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28 Jun 2005
Singapore police Tuesday said they would clamp down on any protest designed to disrupt the 2012 Summer Games vote, saying demonstrators could face arrest.
The warning came a week after a British group of small businesses opposed to London hosting the games said they were considering protesting at the Singapore meeting, which begins Sunday, to dissuade the International Olympic Committee from giving the vote to the British capital.
Other cities vying for the Olympics, which could bring up to US$12 billion (Â€10 billion) for the hosts, are New York, Madrid, Paris and Moscow. The decision will be made July 6.
Singapore law dictates that outdoor gatherings of five or more people require a police permit. Public demonstrations are extremely rare in the tightly-controlled city-state. Police usually deny permits, citing “law and order problems.”
“Anyone who organizes or participates in an assembly or procession without a permit is violating the law,” said Aubeck Kam, the police’s operations director, at a briefing about security for the July 2-9 meeting.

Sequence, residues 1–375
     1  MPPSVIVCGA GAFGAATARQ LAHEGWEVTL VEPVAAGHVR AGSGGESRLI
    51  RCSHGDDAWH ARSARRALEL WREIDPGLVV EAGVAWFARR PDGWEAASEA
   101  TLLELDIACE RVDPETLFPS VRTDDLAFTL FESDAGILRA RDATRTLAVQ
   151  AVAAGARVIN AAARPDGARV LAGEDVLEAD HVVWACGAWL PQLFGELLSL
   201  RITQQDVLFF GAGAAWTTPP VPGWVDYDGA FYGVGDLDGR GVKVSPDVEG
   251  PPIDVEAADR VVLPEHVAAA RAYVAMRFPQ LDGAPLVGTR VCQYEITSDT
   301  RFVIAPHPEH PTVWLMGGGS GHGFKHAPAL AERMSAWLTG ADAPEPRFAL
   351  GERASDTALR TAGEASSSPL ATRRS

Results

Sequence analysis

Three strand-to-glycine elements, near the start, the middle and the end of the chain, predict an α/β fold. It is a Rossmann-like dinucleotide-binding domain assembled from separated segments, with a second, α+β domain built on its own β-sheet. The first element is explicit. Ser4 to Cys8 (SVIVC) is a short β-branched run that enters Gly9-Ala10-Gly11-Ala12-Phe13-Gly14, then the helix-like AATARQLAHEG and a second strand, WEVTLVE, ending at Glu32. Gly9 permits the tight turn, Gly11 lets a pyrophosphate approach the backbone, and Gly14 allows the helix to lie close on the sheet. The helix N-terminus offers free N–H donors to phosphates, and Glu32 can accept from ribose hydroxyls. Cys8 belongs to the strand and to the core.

Heads of state expected to be in Singapore to support their countries’ bids include British Prime Minister Tony Blair and French President Jacques Chirac. New York Mayor Michael Bloomberg and a slew of celebrities and star athletes are also expected to attend.
People gathered to support a cause would constitute a demonstration, Kam said, adding the police have not received an application from the British group to protest.
Kam also said police would not authorize any application for outdoor marches or assemblies with the potential to “breach public peace.”
More than 2,000 armed police, military and civil defense officers will maintain security at the event, which an estimated 3,500 delegates will attend, Kam said.
All vehicles and persons entering the IOC session at the Raffles City Convention Center will be checked, and concrete barricades will be set up around the building to prevent anyone from ramming a vehicle into it, he said. The British Marshgate Lane Business Group claims they are being offered below-market rate compensation to move in preparation for London’s hosting.